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CDC directors avoid tobacco issues

2023-06-16 16:48:55

While the CDC doesn’t set administration tobacco or nicotine product policy, it has outsized influence on the process. The agency’s surveys—including the joint CDC-FDA National Youth Tobacco Survey, 

and the National Health Interview Survey—measure vaping and smoking increases and declines, which affect policy planning. The CDC Office on Smoking and Health has researched and

 written many of the Surgeon General communications on vaping and smoking, and the office has in recent years acted to amplify the talking points of anti-vaping tobacco control groups.

Generally speaking, CDC directors have taken a hands-off approach to the agency’s tobacco and vaping work. This has led to at least one tragic outcome, 

as CDC Director Robert Redfield allowed agency anti-vaping idealogues to steer communications during the CDC response to a 2019 outbreak of lung injuries caused by black market THC oil diluted with vitamin E acetate.

CDC named the condition “e-cigarette, or vaping, product use associated lung injury (EVALI),” implying that nicotine vapes (e-cigarettes) may have been responsible for the injuries. 

In reality, no nicotine product was implicated in any of the thousands of “EVALI” cases, which led to 68 known deaths and nearly 3,000 hospitalizations.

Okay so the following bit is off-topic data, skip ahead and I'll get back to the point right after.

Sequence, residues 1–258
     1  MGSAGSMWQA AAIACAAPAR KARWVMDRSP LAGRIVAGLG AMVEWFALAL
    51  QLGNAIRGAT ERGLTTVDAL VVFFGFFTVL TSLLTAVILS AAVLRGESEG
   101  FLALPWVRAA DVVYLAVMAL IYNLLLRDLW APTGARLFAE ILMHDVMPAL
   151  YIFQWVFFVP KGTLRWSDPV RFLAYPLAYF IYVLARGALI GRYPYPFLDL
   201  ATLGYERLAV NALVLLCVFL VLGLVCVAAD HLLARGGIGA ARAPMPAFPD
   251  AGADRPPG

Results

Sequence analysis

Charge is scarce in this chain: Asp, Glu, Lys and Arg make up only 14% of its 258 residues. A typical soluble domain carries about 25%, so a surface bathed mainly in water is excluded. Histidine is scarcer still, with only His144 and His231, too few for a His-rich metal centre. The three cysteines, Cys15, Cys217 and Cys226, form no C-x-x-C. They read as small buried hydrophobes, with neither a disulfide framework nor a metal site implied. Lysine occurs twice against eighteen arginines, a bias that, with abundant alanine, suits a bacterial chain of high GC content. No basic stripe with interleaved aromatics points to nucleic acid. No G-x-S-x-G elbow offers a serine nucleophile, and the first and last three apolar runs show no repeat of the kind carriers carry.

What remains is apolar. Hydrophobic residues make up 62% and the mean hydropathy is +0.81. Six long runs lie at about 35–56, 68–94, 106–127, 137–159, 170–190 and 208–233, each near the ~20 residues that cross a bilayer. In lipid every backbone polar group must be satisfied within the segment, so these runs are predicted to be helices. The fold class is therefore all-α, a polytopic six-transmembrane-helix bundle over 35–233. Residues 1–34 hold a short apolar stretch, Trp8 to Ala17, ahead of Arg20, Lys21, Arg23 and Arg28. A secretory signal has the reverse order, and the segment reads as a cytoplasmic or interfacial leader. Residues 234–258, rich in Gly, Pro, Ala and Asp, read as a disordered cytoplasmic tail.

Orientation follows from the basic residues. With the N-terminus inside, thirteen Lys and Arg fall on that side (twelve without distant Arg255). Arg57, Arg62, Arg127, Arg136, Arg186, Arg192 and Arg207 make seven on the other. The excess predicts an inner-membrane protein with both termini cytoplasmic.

The name “EVALI” is believed to have been coined by Office on Smoking and Health official Brian King (who was later tapped to run the FDA Center for Tobacco Products).

The agency never backed off its claim that nicotine products couldn’t be ruled out as a partial cause, and neither Redfield nor Biden-appointee Rochelle

 Walensky would overrule subordinates who refused to rename the condition or admit the CDC’s role in extending the outbreak. Walensky didn’t even respond to researchers’ formal request that she change the “EVALI” name, instead turning the agency’s answer over to the CDC “EVALI Incident Manager” who had bungled the situation to begin with.

One previous CDC director, Obama-appointee Tom Frieden, used the position to attack vaping, even ignoring a huge decline in teenage smoking to instead raise fears about e-cigarettes. Frieden, who first rose to prominence as New York City Health Commissioner under then-NYC Mayor Michael Bloomberg, now runs a Bloomberg-funded organization called Resolve to Save Lives.

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